Public Law 110-457; [H.R. 7311] An act to authorize appropriations for fiscal years 2008 through 2011 for the Trafficking Victims Protection Act of 2000, to enhance measure to combat trafficking in persons, and for other purposes.
This memorandum revises guidance to USCIS officers on how to process and prioritize cases in which an “alien” appears to be removable. The memo list USCIS priorities for removal as of when it was issued in July 11, 2006.
USCIS Questions and Answers: Filing T, U, and VAWA Petitions with USCIS (June 30, 2009).
DOJ Memorandum on the Implementation of Crime Bill Self-Petitioning for Abused or Battered Spouses or Children of U.S. Citizens or Lawful Permanent Residents (April 16, 1996). This memo details the basic eligibility requirements for VAWA self-petitioning, adjustment of status, employment authorization, evidence in general, extreme hardship and battery and extreme cruelty. HQ 204-P
Lieutenant Chris Cole, Storm Lake, Iowa Police Department, Statement in Support of U Visas, T Visas, and VAWA Self-Petitions
Police Captain Maria Alvarenga-Watkins, D.C. Metropolitan Police Department (Retired) Statement in Support of U Visas, T Visas, and VAWA Self-Petitions.
Officer Michael P. LaRiviere: Statement in Support of U Visas, T Visas, and VAWA Self-Petitions.
Deputy of Police Operation Pete Helein (Retired): Statement in Support of U Visas, T Visas, and VAWA Self-Petitions.
Sergeant Inspector Antonio Flores, San Francisco Police Department, Statement in Support of U-Visas, T-Visas, and VAWA Self-Petitions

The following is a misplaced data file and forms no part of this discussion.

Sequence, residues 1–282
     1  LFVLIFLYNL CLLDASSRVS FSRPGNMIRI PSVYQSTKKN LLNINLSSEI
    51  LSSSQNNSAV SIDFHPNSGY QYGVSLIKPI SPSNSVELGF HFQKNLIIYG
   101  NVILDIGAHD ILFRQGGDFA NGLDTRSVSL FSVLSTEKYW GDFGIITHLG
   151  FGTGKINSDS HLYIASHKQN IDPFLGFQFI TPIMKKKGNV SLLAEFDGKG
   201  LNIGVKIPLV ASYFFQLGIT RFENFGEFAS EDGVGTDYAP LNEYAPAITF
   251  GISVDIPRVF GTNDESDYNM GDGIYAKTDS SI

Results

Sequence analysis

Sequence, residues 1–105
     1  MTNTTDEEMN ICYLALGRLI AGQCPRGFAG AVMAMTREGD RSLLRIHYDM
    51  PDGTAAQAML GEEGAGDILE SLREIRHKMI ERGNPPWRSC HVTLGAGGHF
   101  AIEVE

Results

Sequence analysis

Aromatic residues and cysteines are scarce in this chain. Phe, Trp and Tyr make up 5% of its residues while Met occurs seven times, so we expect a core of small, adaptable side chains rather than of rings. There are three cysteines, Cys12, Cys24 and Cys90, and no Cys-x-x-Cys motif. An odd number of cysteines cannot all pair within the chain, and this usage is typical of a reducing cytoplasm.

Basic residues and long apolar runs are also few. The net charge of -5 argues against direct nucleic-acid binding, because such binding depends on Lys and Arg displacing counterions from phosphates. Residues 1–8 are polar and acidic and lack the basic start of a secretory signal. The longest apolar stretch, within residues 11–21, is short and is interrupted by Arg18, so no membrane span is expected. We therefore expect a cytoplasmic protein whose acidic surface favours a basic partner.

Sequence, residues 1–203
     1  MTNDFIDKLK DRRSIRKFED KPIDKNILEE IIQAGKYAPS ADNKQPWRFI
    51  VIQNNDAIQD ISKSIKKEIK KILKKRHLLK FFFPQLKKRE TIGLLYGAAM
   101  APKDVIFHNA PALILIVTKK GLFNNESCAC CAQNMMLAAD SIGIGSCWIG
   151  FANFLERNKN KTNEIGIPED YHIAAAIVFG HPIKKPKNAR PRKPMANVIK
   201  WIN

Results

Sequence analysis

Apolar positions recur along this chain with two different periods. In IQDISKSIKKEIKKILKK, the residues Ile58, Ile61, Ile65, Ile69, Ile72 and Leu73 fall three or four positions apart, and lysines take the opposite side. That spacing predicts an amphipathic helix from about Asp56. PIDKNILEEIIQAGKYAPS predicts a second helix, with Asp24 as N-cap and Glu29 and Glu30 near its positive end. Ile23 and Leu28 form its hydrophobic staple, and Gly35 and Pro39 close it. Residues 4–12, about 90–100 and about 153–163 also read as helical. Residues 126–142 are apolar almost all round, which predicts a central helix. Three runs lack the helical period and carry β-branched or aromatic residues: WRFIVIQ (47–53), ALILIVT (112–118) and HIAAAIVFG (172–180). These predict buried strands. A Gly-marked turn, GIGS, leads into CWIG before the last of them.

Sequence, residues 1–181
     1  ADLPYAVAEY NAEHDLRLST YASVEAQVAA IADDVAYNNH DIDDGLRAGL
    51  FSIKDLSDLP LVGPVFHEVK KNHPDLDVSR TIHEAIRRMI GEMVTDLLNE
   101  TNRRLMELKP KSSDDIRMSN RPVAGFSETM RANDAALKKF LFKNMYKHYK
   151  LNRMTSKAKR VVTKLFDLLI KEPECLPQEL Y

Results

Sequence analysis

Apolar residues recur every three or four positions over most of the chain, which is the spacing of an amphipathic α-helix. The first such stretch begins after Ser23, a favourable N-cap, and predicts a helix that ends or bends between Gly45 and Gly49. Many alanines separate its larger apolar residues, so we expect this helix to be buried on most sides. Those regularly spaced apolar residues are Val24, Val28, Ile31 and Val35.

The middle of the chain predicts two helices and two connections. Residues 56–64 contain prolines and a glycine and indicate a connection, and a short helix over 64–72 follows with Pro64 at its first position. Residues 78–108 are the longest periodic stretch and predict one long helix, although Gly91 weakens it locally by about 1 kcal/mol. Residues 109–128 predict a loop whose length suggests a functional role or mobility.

USCIS Memorandum modifying a previous policy memorandum entitled, “Instructions Regarding the Expanded Meaning of Section 319(a)” to clarify that individuals who obtained lawful permanent residence by reason of an approved waiver of the joint filing requirement under section 216(c)(4)(C) of the INA are also eligible to apply for naturalization.
ICE Memorandum setting forth the criteria and procedures by which an Immigration and Customs Enforcement (ICE) Office of the Chief Counsel (OCC) may join in or file a motion to dismiss proceedings
without prejudice when the ICE OCC determines adjustment applications currently pending before EOIR would be appropriate for approval by Citizenship and Immigration Services (CIS).
USCIS Memorandum regarding the effect of the U.S. Court ofAppeals for the Ninth Circuit Perez-Gonzalez v. Ashcroft on Adjudication of Form I-212 Applications Filed by Aliens Who Are Subject to Reinstated Removal Orders Under INA § 241(a)(5).